Archie and Gary make some interesting points.
> Archie Kreager said:
>> If everyone of those who believed that they were in the "have-nots"
>> improved themselves 10% this year, what would the impact on our
>> society be?
> What an awesome thought! Listening to Michael Gerber about small
> businesses, if we can save just 10% of the small businesses from going
> bankrupt, the ripple effect would positively propel our economy! Can
> you imagine the ripple effects if all the have-nots improved
> themselves just 10%?
First, who is responsible to make sure fewer small businesses fail? Seems
to me that when we start a business, we should be the ones to ensure its
success (along with those we employ, etc.) That is what a learning
organization is about: Learning how to more effectively take action to
achieve the results we truly want (such as owning a successful business).
Second, how would one measure their own improvement? This is a rather
sophisticated idea, in that people rarely look at their current "reality"
objectively. . .and hence have no reliable touchstone used for measuring
progress. Personal Mastery is clearly about improving our personal
condition, but, frankly, many people are terrified of the idea. Values
will get challenged, deeply held assumptions will have to change, and
unpleasant feelings/emotions which influence so much of our behavior will
have to be addressed and resolved. Sounds like hard and occasionally
painful work! But then the rewards are well worth the effort!
> But what about the 'haves' -- lots of them aren't improving themselves
> 10% each year! If we can get the haves focused on continually
> learning individually, as we do in learning organizations can you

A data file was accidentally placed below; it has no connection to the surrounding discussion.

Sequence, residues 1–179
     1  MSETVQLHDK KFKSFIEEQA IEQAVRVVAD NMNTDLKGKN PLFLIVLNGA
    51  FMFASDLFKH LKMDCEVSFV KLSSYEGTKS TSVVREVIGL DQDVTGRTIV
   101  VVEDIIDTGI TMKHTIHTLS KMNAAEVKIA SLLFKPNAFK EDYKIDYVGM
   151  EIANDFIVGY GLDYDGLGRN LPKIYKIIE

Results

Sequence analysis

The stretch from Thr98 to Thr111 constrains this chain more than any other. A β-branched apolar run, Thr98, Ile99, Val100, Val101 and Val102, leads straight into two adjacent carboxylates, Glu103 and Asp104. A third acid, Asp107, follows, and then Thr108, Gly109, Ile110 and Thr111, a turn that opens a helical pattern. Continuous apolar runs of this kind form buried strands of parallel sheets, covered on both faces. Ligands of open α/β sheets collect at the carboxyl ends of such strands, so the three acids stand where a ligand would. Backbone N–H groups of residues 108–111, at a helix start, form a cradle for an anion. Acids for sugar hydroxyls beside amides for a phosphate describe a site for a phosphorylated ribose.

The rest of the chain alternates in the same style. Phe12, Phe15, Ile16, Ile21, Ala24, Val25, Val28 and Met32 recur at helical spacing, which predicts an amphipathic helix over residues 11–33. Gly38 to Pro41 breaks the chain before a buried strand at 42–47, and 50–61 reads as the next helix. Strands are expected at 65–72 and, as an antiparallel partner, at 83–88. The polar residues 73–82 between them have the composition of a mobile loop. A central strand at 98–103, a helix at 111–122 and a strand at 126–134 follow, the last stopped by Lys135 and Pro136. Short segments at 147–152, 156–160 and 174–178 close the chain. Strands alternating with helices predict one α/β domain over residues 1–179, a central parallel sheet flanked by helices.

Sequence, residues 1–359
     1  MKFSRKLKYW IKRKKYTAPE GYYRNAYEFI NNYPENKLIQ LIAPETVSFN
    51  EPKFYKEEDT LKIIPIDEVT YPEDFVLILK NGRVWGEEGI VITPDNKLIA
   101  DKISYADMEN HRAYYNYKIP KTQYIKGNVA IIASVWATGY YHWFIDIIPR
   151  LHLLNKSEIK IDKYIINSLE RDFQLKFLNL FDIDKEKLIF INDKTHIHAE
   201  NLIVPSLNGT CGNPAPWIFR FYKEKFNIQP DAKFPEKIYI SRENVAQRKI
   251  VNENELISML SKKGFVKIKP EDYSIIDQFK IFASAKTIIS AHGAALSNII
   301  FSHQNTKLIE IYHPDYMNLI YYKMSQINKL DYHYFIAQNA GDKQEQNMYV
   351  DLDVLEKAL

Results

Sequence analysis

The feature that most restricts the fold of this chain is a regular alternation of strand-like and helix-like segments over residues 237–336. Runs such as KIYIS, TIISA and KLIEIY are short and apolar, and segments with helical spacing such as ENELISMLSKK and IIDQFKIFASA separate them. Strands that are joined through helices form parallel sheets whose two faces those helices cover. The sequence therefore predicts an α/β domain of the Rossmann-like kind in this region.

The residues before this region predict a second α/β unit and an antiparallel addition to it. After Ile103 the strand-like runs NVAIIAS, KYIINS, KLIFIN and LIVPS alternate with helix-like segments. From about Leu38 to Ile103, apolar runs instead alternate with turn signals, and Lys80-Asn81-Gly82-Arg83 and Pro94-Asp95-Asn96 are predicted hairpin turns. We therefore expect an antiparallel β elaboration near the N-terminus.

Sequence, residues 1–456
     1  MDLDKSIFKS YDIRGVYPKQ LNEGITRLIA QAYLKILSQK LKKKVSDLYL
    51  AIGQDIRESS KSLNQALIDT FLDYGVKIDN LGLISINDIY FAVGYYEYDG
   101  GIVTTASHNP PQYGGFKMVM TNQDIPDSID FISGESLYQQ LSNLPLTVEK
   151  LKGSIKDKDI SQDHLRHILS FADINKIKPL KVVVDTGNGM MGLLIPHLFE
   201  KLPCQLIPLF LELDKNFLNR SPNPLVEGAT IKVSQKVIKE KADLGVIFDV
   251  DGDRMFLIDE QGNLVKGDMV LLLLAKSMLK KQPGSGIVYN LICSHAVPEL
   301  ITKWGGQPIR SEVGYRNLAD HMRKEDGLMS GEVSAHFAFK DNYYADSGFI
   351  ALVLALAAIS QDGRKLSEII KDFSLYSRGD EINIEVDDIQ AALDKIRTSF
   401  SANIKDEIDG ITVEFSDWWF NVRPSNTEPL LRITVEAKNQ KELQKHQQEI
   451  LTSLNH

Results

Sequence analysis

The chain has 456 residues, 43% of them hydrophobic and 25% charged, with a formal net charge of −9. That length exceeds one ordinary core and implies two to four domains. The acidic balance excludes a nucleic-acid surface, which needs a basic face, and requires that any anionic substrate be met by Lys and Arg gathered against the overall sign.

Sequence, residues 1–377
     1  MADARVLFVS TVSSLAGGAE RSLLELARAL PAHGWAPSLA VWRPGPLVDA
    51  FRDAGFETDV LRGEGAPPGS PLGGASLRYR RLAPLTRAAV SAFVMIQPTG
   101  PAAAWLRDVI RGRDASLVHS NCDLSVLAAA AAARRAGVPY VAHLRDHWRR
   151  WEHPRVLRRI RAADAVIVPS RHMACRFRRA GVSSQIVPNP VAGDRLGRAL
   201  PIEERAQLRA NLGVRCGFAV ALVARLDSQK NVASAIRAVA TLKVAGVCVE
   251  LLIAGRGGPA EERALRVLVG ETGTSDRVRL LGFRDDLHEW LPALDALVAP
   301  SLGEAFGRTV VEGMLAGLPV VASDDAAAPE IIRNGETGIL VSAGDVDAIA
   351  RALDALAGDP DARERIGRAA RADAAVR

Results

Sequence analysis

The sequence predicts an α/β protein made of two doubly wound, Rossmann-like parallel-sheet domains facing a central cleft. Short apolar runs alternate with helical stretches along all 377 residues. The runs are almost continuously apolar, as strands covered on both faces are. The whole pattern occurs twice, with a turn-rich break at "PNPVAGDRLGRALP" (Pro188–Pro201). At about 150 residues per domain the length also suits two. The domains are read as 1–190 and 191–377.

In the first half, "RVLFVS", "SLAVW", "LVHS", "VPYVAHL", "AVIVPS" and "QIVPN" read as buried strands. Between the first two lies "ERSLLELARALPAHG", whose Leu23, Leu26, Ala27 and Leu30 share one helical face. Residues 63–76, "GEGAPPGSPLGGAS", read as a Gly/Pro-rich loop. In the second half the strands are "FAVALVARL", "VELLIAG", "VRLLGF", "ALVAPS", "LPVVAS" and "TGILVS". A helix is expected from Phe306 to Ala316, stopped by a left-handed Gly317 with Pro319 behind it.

> imagine the ripple effect...as a person develops and grows, they can't
> help wanting to reach out to their fellow human beings...the
> have-nots...and help them grow!
What you say here seems to obvious that it would need no commentary. I'd
agree, Gary, that individual learning is the starting point, but in the
long-term it is insufficient. Learning to "learn" together is far more
challenging than learning to "learn" alone.
It seems true to me that once someone experiences the transformational
power of Personal Mastery they naturally want to share it. However,
there's a world of difference between "wanting to share" and "knowing how
to share." The desire does not imply the ability. To me, this is
significant. It is learning "how" to do this that evokes our (and others)
greatness, not merely having the desire. . .
> (side-thought: developing learning individuals instead of learning
> organizations...does that make sense? Instead of making the
> organizations benefit, should we focus on making the individuals
> benefit, and hence the organization? or are these just individuals
> who have decided to live life to the fullest, and soak in every
> experience and knowledge they are capable of?)
Organizations are comprised of individuals. Thus, an organization that is
filled with "individual learners" is on it's way to achieving its full
potential. However, the true power of an organization clearly comes from
the synergistic, learning-centered relationships that can emerge from
within an organization. Nonetheless, we should never get so concerned with
the welfare of the organization that we trample on the "individual."
Benjamin B. Compton ("Ben") | email: firstname.lastname@example.org Novell GroupWare Technical Engineer | fax: (801) 222-6991
Learning-org -- An Internet Dialog on Learning Organizations For info: <email@example.com> -or- <http://world.std.com/~lo/>